A severe 6.3 magnitude earthquake struck Christchurch, New Zealand’s second-most populous city, on 22 February 2011. Striking at 12:51pm on a busy work day, its epicentre just 10 km south-east of the Christchurch city centre and with a depth of less than 5 km, the earthquake caused widespread damage and multiple fatalities.
The power of the quake caused major damage to buildings across the city. Heritage masonry and modern buildings alike were violently shaken. The spire of the city’s landmark Christchurch Cathedral was reduced to rubble while many of the city’s commercial buildings caved in and crumbled into piles of twisted debris. Direct economic losses from the earthquake amount to approximately NZ$20 billion.
Understanding Seismic Hazards
The ability to make observations rapidly and precisely following a disaster is widely recognised as critical to effective emergency response management. In the short term it helps minimise further structural damage and loss of life. While in the longer term it improves the understanding of seismic hazards which leads to better risk assessment and in turn, the revision of building codes.
To assist with critical earthquake reconnaissance activities, Arup lent support to the Earthquake Engineering Reconnaissance Institute (EERI) Reconnaissance mission.
Comprised of structural engineers, geotechnical engineers, geologists, and disaster social scientists, the mission team provided immediate assessment activities to assist in the emergency response.
The assessment focussed largely on building structures. This included examining the wide ranging liquefaction which affected much of the city centre as well as residential addresses in the eastern suburbs; the performance of building foundations and comparing low-rise residential buildings with multi-story commercial buildings with shallow foundations; as well as observing the damage to heritage masonry structures compared to modern engineered buildings.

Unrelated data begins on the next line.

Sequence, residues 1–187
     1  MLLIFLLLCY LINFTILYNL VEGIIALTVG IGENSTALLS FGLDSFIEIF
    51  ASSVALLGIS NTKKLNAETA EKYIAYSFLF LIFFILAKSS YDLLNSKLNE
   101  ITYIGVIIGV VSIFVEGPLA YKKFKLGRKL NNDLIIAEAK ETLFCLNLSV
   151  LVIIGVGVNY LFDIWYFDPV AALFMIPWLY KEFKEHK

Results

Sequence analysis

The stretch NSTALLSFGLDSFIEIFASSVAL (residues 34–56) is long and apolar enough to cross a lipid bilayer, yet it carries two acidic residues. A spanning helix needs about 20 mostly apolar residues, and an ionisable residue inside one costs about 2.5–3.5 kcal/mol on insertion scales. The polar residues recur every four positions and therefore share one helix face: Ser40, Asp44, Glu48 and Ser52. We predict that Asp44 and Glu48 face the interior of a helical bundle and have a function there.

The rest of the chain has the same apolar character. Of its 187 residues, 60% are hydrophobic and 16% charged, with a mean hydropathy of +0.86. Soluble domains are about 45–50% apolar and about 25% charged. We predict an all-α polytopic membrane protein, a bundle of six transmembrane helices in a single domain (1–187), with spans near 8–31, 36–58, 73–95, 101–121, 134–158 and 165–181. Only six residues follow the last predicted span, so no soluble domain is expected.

Building Expertise in Earthquake Engineering
The collaboration with EERI further strengthens Arup’s skills and broadens its expertise in earthquake engineering. Limiting the seismic risk and understanding the behaviour buildings and geo-structures when subjected to earthquake forces is critical to construction practices in earthquake zones.
Arup seismic specialist Tim Mote and geotechnical engineer James Dismuke were part of the EERI task force. Tim comments: “Participating in earthquake reconnaissance is a vivid reminder of why we are actively engaged in earthquake engineering and risk management. This mission reinforces our organisation’s commitment to providing highly skilled technical expertise in situations of disaster management and recovery. And although earthquakes are unavoidable, large-scale disasters can be prevented with effective building construction codes.
Together Tim and James contributed critical skills to EERI’s mission and provided effective emergency management activities. Our partnership with EERI demonstrates Arup’s commitment to active engagement in earthquake engineering and risk management.
Our partnership with EERI demonstrates Arup’s commitment to active engagement in earthquake engineering and risk management.